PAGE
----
investment bankers and hedge fund managers, who created the
subprime mortgage derivatives that currently threaten to
collapse the economy. One of them was paid $1.7 billion
last year. The $575 million that each of 25 other top
earners were paid is paltry by comparison, but unimaginable
wealth to everyone else.
Some of the super rich, such as
Warren Buffet and Bill Gates, have benefitted society along
with themselves. Both Buffet and Gates are concerned about
the rapidly rising income inequality in the US. They are
aware that America is becoming a feudal society in which the
super-rich compete in conspicuous consumption, while the
serfs struggle merely to survive.
With the real wages and
salaries of American civilian workers lower than 5 years
ago, with their debts at all time highs, with the prices of
their main asset--their homes--under pressure from
overbuilding and fraudulent finance, and with scant
opportunities to rise for the children they struggled to
educate, Americans face a dim future.
Indeed, their plight is worse
than the official statistics indicate. During the Clinton
administration, the Boskin Commission rigged the inflation
measures in order to hold down indexed Social Security
payments to retirees.
Another deceit is the measure
called “core inflation.” This measure of inflation excludes
food and energy, two large components of the average
family’s budget. Wall Street and corporations and,
therefore, the media emphasize core inflation, because it
holds down cost of living increases and interest rates. In
the second quarter of this year, the Consumer Price Index
(CPI), a more complete measure of inflation, increased at an
annual rate of 5.2% compared to 2.3% for core inflation.
An examination of how inflation
is measured quickly reveals the games played to deceive the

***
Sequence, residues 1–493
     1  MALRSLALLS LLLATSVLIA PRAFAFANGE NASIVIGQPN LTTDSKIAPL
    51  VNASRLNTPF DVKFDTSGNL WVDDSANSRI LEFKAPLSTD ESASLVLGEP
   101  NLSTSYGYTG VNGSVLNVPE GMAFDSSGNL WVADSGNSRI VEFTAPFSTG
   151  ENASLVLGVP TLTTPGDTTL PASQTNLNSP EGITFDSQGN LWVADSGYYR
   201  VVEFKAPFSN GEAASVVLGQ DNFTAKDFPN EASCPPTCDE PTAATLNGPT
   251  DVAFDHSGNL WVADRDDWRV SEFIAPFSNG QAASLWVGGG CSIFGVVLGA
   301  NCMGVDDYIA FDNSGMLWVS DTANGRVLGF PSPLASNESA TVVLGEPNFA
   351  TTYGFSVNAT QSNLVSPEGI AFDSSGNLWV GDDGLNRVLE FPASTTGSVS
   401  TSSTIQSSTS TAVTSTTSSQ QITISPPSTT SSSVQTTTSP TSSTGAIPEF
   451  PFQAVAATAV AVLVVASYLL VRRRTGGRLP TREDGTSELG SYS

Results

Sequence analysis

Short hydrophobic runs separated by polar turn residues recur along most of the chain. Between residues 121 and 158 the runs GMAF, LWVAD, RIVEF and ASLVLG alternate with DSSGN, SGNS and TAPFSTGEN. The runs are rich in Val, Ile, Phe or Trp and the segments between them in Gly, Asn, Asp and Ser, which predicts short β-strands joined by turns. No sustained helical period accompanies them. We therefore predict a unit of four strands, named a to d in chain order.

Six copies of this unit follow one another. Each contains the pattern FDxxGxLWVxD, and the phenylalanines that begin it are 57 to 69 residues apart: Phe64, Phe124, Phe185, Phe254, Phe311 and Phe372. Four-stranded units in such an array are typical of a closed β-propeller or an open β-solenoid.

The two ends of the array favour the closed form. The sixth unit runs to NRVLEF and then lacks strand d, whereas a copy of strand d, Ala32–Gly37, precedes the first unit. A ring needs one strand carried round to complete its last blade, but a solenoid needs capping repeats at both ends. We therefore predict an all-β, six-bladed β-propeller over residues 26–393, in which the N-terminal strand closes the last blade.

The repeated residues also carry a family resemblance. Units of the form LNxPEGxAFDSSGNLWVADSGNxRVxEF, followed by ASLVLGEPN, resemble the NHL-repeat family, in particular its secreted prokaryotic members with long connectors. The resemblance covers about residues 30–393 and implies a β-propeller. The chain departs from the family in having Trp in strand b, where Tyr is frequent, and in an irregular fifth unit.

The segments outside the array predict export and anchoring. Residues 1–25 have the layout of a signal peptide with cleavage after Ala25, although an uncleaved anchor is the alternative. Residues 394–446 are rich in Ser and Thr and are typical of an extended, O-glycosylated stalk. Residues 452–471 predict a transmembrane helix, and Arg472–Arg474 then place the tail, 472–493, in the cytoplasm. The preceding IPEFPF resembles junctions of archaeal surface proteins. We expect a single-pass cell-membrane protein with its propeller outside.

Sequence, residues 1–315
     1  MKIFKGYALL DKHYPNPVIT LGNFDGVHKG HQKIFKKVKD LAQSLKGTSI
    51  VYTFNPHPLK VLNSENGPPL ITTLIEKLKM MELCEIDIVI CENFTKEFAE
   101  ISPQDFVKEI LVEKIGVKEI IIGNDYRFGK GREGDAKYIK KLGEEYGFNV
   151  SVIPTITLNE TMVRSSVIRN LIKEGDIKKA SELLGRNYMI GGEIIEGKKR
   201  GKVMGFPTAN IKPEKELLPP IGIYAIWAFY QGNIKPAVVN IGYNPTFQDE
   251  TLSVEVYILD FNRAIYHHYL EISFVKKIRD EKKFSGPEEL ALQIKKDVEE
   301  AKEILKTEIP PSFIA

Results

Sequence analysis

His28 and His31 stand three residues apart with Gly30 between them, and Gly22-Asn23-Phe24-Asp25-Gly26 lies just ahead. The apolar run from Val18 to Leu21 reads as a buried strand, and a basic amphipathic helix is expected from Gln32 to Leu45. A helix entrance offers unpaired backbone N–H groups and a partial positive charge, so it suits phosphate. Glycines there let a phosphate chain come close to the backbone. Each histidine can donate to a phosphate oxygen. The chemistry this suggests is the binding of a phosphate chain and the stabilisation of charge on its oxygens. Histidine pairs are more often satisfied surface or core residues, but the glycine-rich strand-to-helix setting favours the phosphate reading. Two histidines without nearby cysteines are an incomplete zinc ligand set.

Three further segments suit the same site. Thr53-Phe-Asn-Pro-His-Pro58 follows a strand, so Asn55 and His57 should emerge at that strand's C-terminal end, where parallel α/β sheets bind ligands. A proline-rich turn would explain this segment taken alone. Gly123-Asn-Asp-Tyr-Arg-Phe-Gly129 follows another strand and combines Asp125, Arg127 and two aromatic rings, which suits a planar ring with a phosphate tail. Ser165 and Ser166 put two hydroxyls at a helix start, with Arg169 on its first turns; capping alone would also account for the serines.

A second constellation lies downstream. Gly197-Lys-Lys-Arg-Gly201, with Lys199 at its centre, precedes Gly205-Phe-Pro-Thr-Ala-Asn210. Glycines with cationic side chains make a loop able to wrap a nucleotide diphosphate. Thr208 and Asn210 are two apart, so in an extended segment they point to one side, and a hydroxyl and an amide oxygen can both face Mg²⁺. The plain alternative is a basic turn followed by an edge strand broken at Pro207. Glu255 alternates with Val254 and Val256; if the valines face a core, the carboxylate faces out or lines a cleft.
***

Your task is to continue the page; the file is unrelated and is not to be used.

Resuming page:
American people. Housing prices are not in the index.
Instead, the rental rate of housing is used as a proxy for
More games are played with the
goods and services whose prices comprise the weighted market
basket used to estimate inflation. If beef prices rise, for
example, the index shifts toward lower priced chicken.
Inflation is thus held down by substituting lower priced
products for those whose prices are rising faster. As the
weights of the goods in the basket change, the inflation
measure does not reflect a constant pattern of
expenditures. Some economists compare the substitution used
to minimize the measured rate of inflation to substituting
sweaters for fuel oil.
Other deceptions, not all
intentional, abound in official US statistics. Business
Week’s June 18 cover story used the recent important work by
Susan N. Houseman to explain that much of the hyped gains in
US productivity and GDP are “phantom gains” that are not
Other phantom productivity
gains are produced by corporations that shift business costs
to consumers by, for example, having callers listen to
advertisements while they wait for a customer service
representative, and by pricing items in the inflation basket
according to the low prices of stores that offer customers
no service. The longer callers can be made to wait, the
fewer the customer representatives the company needs to
employ. The loss of service is not considered in the
inflation measure. It shows up instead as a gain in
In American today the greatest
rewards go to investment bankers, who collect fees for
creating financing packages for debt. These packages
include the tottering subprime mortgage derivatives.
Recently, a top official of the Bank of France acknowledged
that the real values of repackaged debt instruments are
unknown to both buyers and sellers. Many of the derivatives
have never been priced by the market.
Think of derivatives as a
mutual fund of debt, a combination of good mortgages,
subprime mortgages, credit card debt, auto loans, and who
knows what. Not even institutional buyers know what they
are buying or how to evaluate it. Arcane pricing models are
used to produce values, and pay incentives bias the assigned
Richistan wealth may prove
artificial and crash, bringing an end to the new Gilded Age.
But the plight of the rich in distress will never compare to
the decimation of America’s middle class. The offshoring of
American jobs has destroyed opportunities for generations of
Americans. Never before in our history has the elite had
such control over the government. To run for national
office requires many millions of dollars, the raising of
which puts “our” elected representatives and “our” president
himself at the beck and call of the few moneyed interests
that financed the campaigns.
America as the land of
opportunity has passed into history.